In a Disability Report filed by Nazzaro on March 31, 1994, Nazzaro indicated that his disability had affected the number of hours he could work, that he met with his case manager at the WNYALD, John Ashe once a week and that his disability limits the types of employment he can perform. Nazzaro reported that he cooks daily, shops and cleans weekly, attends movies and concerts, and visits with friends and relatives on a weekly basis. Nazzaro does not drive and depends on public transportation. The SSA employee who took Nazzaro's application noted that Nazzaro appeared very stressful during the interview, had a difficult time following instructions, appeared to be very limited in the type of work he could handle, and would not be able to handle a job which involved any degree of stress. No physical difficulties were observed. (R. 125-29).

 Nazzaro's WNYALD case manager, John Ashe, reported in a letter dated July 7, 1994, that he was familiar with Nazzaro's situation from working with Nazzaro for more than six years. According to Ashe, Nazzaro's learning disability is permanent, neurologically based, clearly debilitating, and greatly limits Nazzaro's cognitive functioning, mathematical and analytical reasoning skills, and judgment. Additionally, Nazzaro's lack of self confidence and poor verbal and non-verbal skills foster his social isolation both at home and at work. (R. 139-140).


 An individual is entitled to Supplemental Security Income under the Social Security Act if the individual is unable:


. . . to engage in any substantial gainful activity by reason of any medically determinable physical or mental impairment which can be expected to result in death or which has lasted or can be expected to last for a continuous period of not less than 12 months.... An individual shall be determined to be under a disability only if his physical or mental impairment or impairments are of such severity that he is not only unable to do his previous work but cannot, considering his age, education, and work experience, engage in any other kind of substantial gainful work which exists in the national economy.

 42 U.S.C. § 423(d)(1)(2).

 Once the claimant proves that he is severely impaired and is unable to perform any past relevant work, the burden shifts to the Secretary to prove that there is alternative employment in the national economy suitable to the claimant. Parker v. Harris, 626 F.2d 225, 231 (2d Cir. 1980).

  I. Standard and Scope of Judicial Review

 The standard of review for courts reviewing administrative findings regarding Supplemental Security Income, 42 U.S.C. §§ 1381-1385 (1994), is whether the administrative law judge's findings are supported by substantial evidence. Richardson v. Perales, 402 U.S. 389, 401, 28 L. Ed. 2d 842, 91 S. Ct. 1420 (1971). Substantial evidence requires enough evidence that a reasonable person would "accept as adequate to support a conclusion." Consolidated Edison Co. v. National Labor Relations Board, 305 U.S. 197, 229, 83 L. Ed. 126, 59 S. Ct. 206 (1938).

 When the Secretary is evaluating a claim, she must consider "objective medical facts, diagnoses or medical opinions based on these facts, subjective evidence of pain or disability (testified to by the claimant and others), and . . . educational background, age and work experience." Dumas v. Schweiker, 712 F.2d 1545, 1550 (2d Cir. 1983) (quoting Miles v. Harris, 645 F.2d 122 (2d Cir. 1981)). If the opinion of the treating physician is supported by medically acceptable techniques and results from frequent examinations, and the opinion supports the administrative record, the treating physician's opinion will be given controlling weight. *fn3" Schisler v. Sullivan, 3 F.3d 563, 567 (2d Cir. 1993); 20 C.F.R. § 404.1527(d); 20 C.F.R. § 416.927(d).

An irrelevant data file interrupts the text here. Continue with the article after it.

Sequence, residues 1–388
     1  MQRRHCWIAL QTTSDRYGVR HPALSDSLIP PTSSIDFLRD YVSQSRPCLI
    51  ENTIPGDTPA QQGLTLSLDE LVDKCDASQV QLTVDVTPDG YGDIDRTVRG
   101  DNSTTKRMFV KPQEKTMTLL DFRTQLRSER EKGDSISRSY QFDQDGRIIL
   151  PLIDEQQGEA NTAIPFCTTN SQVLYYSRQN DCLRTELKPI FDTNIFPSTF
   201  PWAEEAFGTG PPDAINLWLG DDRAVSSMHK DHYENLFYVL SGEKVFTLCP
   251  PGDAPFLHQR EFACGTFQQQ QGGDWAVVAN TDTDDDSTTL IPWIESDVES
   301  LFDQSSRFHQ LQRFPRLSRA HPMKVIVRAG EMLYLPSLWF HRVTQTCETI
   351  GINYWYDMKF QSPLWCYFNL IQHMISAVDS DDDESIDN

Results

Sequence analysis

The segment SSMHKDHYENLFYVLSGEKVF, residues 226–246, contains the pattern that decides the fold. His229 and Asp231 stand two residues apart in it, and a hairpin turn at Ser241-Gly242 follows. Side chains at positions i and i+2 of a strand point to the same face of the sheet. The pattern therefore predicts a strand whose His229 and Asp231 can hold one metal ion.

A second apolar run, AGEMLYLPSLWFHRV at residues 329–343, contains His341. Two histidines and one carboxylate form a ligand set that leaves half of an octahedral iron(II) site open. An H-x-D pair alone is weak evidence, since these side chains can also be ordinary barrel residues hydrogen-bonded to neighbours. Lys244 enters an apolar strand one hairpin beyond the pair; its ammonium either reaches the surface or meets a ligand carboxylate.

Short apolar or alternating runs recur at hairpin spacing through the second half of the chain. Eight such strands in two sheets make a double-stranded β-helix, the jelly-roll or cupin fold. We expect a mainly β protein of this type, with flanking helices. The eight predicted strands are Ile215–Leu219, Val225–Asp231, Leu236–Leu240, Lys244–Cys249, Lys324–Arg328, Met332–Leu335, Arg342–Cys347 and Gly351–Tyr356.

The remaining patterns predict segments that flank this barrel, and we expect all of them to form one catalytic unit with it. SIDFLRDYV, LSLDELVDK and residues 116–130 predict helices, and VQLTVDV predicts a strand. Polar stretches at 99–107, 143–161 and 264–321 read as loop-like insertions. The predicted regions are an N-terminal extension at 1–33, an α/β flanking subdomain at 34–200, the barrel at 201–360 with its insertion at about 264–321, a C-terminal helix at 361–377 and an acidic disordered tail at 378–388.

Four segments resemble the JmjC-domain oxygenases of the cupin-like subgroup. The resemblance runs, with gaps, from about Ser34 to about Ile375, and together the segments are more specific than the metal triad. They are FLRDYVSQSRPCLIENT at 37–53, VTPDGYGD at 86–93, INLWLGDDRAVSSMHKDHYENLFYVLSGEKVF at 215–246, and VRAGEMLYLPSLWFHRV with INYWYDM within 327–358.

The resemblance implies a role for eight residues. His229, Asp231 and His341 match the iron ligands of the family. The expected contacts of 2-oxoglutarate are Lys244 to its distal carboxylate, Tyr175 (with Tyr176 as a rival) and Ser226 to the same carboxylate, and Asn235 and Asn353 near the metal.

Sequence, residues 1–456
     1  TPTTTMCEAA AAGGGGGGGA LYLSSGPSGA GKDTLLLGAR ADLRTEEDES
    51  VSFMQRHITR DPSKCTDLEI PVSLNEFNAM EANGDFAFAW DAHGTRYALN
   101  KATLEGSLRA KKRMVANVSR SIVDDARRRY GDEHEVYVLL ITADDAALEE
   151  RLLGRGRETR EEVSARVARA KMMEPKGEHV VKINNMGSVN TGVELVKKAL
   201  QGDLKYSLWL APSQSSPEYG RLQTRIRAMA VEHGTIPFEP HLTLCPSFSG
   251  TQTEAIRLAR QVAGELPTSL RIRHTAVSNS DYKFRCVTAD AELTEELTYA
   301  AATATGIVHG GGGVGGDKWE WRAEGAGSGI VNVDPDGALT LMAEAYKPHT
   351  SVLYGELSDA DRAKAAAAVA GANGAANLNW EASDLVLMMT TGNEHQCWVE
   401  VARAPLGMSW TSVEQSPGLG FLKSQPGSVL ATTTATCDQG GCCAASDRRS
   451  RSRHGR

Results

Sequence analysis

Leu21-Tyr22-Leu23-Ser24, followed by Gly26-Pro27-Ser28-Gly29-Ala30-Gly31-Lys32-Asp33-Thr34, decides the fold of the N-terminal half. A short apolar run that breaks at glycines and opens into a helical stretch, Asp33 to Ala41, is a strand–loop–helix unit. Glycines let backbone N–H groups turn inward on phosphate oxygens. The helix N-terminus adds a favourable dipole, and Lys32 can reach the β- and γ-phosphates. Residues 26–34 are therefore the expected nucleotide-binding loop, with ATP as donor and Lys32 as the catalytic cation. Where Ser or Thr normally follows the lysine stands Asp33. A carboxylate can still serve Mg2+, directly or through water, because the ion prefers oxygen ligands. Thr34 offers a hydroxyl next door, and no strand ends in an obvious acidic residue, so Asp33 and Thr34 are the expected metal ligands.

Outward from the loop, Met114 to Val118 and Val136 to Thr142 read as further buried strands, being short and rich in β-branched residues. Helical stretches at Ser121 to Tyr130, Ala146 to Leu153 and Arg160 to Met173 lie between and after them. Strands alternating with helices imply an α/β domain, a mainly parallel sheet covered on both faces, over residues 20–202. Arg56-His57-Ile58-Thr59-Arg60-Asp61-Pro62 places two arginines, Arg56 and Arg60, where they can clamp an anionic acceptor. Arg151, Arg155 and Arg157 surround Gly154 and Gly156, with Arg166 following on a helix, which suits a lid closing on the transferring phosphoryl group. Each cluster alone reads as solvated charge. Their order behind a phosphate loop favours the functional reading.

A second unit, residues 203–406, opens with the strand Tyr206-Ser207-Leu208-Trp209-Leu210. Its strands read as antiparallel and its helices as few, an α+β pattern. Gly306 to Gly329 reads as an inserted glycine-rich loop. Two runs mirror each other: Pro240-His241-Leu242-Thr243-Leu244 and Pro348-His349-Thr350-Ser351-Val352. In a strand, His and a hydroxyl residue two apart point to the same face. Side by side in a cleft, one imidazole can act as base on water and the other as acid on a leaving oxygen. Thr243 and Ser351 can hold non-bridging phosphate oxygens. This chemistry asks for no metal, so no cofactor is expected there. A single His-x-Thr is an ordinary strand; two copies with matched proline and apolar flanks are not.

The Secretary's final determination will be affirmed, absent legal error, if it is supported by substantial evidence. Dumas v. Schweiker, supra, at 1550; 42 U.S.C. § 405(g) (1994); 42 U.S.C. § 1383(c)(3) (1994). "Congress has instructed . . . that the factual findings of the Secretary, if supported by substantial evidence, shall be conclusive." Rutherford v. Schweiker, 685 F.2d 60, 62 (2d Cir. 1982).

 The federal regulations set forth a five-step analysis that the Secretary must follow in determining eligibility for supplemental security income benefits. 20 C.F.R. §§ 404.1520, 416.920 (1994). See Bapp v. Bowen, 802 F.2d 601, 604 (2d Cir. 1986); Berry v. Schweiker, 675 F.2d 464 (2d Cir. 1982). The first step is to determine whether the applicant is engaged in substantial gainful activity. 20 C.F.R. §§ 404.1520(b), 416.920(b). If the individual is engaged in such activity the inquiry ceases and the individual cannot be eligible for disability benefits. Id. The next step is to determine whether the applicant has a severe impairment which significantly limits his physical or mental ability to do basic work activities, as defined in the regulations. 20 C.F.R. §§ 404.1520(c), 416.920(c). Absent a defined impairment, the applicant is not eligible for disability benefits. Id. Third, if there is an impairment and the impairment, or an equivalent, is listed in Appendix 1 of the regulations and meets the duration requirement, the individual is deemed disabled, regardless of the applicant's age, education or work experience, 20 C.F.R. §§ 404.1520(d), 416.920(d), as, in such a case, there is a presumption that an applicant with such an impairment is unable to perform substantial gainful activity. *fn4" 42 U.S.C. § 423(d)(1)(A); 20 C.F.R. § 404.1520. See also Cosme v. Bowen, 1986 U.S. Dist. LEXIS 18952, *4, 1986 WL 12118, at *2 (S.D.N.Y. 1986); Clemente v. Bowen, 646 F. Supp. 1265, 1270 (S.D.N.Y. 1986).